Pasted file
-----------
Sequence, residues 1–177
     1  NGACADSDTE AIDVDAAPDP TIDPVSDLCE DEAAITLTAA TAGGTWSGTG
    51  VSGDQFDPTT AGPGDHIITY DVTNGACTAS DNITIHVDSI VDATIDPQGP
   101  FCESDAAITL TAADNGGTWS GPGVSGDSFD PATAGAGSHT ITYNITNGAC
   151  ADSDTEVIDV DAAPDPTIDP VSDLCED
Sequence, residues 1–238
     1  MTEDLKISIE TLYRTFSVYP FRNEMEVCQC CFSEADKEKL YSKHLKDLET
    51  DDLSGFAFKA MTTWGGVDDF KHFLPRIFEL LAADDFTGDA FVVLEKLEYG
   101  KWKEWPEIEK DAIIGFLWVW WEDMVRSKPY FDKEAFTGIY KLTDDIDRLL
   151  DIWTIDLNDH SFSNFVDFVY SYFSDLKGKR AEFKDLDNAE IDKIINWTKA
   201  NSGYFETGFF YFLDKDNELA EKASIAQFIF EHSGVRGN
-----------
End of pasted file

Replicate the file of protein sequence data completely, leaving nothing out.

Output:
Sequence, residues 1–177
     1  NGACADSDTE AIDVDAAPDP TIDPVSDLCE DEAAITLTAA TAGGTWSGTG
    51  VSGDQFDPTT AGPGDHIITY DVTNGACTAS DNITIHVDSI VDATIDPQGP
   101  FCESDAAITL TAADNGGTWS GPGVSGDSFD PATAGAGSHT ITYNITNGAC
   151  ADSDTEVIDV DAAPDPTIDP VSDLCED
Sequence, residues 1–238
     1  MTEDLKISIE TLYRTFSVYP FRNEMEVCQC CFSEADKEKL YSKHLKDLET
    51  DDLSGFAFKA MTTWGGVDDF KHFLPRIFEL LAADDFTGDA FVVLEKLEYG
   101  KWKEWPEIEK DAIIGFLWVW WEDMVRSKPY FDKEAFTGIY KLTDDIDRLL
   151  DIWTIDLNDH SFSNFVDFVY SYFSDLKGKR AEFKDLDNAE IDKIINWTKA
   201  NSGYFETGFF YFLDKDNELA EKASIAQFIF EHSGVRGN